A Fraud Expert Shares Tips on How to Avoid Concert Scams

As the season of music and sunshine arrives, keep an eye out for scams that could cost you big.

There is nothing more joyous than scoring tickets to see your favorite artist live. Whether you plan on attending a world stopping tour like Renaissance or you are trudging out the desert to watch Björk perform at one of this year's big festivals, it's a resplendent time of year. But while so many people are out frolicking in the sun, some people are plotting to scam. And unfortunately, they are going to be scamming those of us who are just trying to scream their favorite lyrics at the top of their lungs.

But, even with the risk of buying fake tickets, phishing scams, fake events, and the myriad other ways you can lose your precious cash (and ability to see Beyoncé perform "Cuff It") there are ways to protect yourself. Thrillist spoke with Visa’s Vice President and Global Head of Fraud Services, Michael Jabbara, to help keep you and your money protected from scammers this summer.

Here's the essential advice you need to know directly from the expert:

Thrillist: Are concert and festival scams common?
Michael Jabbara: Scammers are known to follow the money, and because of concerts and festivals' high popularity among consumers, schemes around these events are fairly common. This trend is becoming even more prevalent today, as in-person travel and events continue to rise to pre-pandemic levels.

How do I spot scams during festival season?
When shopping for festival and concert tickets online, be wary of buying from peer-to-peer resale markets as this channel can be more difficult to verify. Instead, opt for leveraging trusted and established vendors. Additionally, if an offer feels too good to be true, it's probably because it is.

Do your due diligence and research average ticket prices and the seller to avoid being scammed. For example, it may be beneficial to avoid any one-on-one offers or purchasing tickets on social media. Be wary of vendors seeking payment through cash, wire transfer, gift cards, or peer-to-peer apps as those payment methods are difficult to reverse/trace and can be indicative of fraudulent activity.

What do I do if I am sold fake tickets?
If you're sold fake tickets, a first great action is freezing the debit or credit card that you used to purchase them and letting your card issuer know you've been scammed. By freezing your card immediately, you can protect yourself from criminals trying to open a new credit line or loan under your name. Your bank/card company can also monitor your card activity and block any further purchases the scammer may commit. Additionally, you can also file a complaint with watchdog institutions, such as the Better Business Bureau (BBB) and the Federal Trade Commission (FTC) to prevent others from being scammed.

What other kinds of festival scams should I be on the lookout for?
You should also be careful of domain spoofing, where fraudsters impersonate known and legitimate businesses (in this case ticket vendors or marketplaces) to phish consumers into sharing their personal and payment information. Make sure to check the links you're clicking on to validate the correct spelling and security settings of the website (having the URL begin with HTTPS).

Beyond ticket scams, accommodation-related fraud is another popular festival scam to be aware of. Be cautious about making reservations online and make sure you receive written confirmation for your accommodation. Additionally, travel-related scams are also on the rise. In fact, according to the Federal Trade Commission, travel scams cost consumers over $95 million in 2021 alone. When booking travel for out-of-state concerts or festivals, be wary of discounted flight and vacation deals from third-party platforms.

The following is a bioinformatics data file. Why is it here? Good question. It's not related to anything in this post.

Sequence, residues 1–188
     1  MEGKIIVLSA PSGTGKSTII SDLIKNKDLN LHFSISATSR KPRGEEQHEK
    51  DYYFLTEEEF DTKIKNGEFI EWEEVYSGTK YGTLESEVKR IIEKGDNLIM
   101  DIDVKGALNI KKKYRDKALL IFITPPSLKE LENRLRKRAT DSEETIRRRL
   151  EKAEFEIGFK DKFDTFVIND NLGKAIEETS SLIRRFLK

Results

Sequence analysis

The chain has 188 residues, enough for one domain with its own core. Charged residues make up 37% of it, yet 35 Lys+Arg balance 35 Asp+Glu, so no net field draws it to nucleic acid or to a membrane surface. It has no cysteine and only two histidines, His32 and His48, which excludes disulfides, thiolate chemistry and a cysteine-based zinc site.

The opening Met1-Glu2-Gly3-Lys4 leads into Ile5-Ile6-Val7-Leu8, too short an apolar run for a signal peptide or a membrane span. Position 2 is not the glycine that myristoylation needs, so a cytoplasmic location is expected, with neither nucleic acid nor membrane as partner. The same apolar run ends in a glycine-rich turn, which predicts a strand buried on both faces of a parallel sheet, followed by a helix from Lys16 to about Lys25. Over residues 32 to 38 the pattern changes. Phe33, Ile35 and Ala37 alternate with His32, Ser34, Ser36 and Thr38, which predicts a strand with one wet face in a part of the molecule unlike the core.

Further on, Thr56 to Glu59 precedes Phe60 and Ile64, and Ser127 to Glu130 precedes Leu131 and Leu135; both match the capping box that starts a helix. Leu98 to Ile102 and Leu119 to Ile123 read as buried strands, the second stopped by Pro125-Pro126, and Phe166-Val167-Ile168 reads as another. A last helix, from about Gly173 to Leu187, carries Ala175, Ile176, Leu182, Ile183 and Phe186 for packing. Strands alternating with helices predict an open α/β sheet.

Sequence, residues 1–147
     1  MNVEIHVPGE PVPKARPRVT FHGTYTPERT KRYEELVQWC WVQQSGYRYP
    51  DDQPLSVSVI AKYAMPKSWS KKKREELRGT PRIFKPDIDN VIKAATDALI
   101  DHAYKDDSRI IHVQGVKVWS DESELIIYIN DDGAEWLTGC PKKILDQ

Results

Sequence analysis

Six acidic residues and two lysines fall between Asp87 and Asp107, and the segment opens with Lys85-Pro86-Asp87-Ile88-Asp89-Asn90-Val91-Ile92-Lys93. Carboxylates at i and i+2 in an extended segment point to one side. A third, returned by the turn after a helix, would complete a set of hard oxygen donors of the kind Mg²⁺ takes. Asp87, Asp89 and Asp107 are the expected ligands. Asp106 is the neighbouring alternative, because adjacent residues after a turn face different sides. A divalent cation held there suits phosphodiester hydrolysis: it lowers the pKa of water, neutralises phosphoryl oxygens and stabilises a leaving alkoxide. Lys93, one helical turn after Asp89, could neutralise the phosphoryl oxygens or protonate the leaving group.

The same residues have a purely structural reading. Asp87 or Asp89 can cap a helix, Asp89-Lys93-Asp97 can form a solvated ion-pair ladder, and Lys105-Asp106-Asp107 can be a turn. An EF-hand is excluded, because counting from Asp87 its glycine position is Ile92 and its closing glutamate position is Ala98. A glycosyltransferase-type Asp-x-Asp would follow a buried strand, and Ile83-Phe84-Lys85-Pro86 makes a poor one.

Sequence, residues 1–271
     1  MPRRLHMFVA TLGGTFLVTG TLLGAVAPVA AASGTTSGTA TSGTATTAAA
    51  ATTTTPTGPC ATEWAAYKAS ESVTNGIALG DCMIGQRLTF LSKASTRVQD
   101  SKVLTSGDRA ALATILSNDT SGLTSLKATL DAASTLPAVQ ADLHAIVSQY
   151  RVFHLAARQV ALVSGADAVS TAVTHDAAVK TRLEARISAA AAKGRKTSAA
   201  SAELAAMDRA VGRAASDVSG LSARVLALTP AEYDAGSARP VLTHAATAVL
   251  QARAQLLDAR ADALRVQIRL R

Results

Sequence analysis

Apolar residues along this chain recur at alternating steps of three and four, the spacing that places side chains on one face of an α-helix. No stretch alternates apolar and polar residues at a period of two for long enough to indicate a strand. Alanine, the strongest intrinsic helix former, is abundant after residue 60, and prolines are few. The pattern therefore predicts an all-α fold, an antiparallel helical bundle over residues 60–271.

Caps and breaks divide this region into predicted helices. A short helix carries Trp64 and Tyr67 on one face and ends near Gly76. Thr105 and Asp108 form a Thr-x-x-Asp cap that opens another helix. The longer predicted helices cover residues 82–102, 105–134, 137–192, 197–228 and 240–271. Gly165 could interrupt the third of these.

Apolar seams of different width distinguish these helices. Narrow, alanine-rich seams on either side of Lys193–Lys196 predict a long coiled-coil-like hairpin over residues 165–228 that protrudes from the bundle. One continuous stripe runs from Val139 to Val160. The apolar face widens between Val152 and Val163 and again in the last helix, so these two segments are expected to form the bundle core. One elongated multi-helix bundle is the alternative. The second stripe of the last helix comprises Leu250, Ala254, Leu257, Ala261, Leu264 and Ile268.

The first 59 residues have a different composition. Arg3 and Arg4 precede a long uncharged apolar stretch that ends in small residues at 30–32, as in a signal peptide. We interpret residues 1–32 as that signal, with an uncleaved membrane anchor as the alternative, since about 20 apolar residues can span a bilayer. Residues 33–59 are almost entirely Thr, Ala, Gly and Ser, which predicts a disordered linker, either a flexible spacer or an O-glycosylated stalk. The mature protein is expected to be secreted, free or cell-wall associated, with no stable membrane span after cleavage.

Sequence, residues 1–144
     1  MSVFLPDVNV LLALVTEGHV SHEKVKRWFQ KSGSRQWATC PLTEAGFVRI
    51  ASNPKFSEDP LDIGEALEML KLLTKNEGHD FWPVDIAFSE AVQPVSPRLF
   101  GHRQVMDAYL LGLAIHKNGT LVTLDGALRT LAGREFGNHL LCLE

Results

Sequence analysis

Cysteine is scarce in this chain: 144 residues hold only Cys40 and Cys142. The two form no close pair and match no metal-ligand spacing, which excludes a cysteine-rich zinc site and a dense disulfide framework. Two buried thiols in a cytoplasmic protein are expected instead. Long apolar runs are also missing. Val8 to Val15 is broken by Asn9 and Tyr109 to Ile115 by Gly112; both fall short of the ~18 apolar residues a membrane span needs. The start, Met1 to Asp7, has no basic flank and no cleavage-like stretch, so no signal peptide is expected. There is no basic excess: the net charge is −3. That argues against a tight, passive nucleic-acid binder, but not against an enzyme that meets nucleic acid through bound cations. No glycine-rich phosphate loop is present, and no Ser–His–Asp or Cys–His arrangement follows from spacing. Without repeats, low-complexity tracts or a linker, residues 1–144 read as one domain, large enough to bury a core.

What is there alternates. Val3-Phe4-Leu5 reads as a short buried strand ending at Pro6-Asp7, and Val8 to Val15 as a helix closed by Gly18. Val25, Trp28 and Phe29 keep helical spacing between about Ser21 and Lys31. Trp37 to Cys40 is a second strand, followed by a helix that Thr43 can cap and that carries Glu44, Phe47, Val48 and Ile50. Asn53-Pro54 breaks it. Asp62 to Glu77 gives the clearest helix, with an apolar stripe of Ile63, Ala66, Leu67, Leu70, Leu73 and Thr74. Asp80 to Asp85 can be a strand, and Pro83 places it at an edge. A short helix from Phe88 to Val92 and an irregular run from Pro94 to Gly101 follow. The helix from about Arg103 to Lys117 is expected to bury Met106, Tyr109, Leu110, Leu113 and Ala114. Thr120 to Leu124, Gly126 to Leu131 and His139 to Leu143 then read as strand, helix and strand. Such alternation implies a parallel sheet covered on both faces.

What are the best ways to protect myself from scams?
When it comes to security, it pays to be proactive. Here are a few tips to follow to protect yourself from scams when shopping for concert tickets.

  • Buy tickets from trusted vendors; if scouring the resale market, go through the National Association of Ticket Brokers
  • Avoid purchasing tickets from someone you don't know (e.g., scalper) or on Craigslist, eBay, or other similar P2P marketplace or auction sites
  • Venues are going cashless; use a credit card for easier refund support and dispute charge—not your debit card
  • Check the URL before entering payment details; includes "s" to confirm the site has a secure connection; not a dupe site
  • Utilize online resources (e.g., Better Business Bureau's scam tracker) to search phone number, email, or social media accounts of the seller
  • Always be wary of advertisements with low prices
  • Do not pay for tickets with cash, wire transfer, gift cards, or prepaid money transfer

What should everyone planning on attending a music event this year know?
With more venues going cashless, fraudsters are out on the prowl like never before. In addition to the tips above, be cognizant of what you share on social media—location details, ticket information, etc. This is information that cybercriminals can use to piece together and grab your personal information.

By following Jabbara's expert advice and keeping a healthy sense of skepticism, you'll hopefully make it through festival season without encountering any of these scams. I can't guarantee that you won't look at your own spending and feel dismayed about the information. But money comes and goes—an unforgettable experience is forever.

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Opheli Garcia Lawler is a Staff Writer on the News team at Thrillist. Follow her on Twitter @opheligarcia and Instagram @opheligarcia.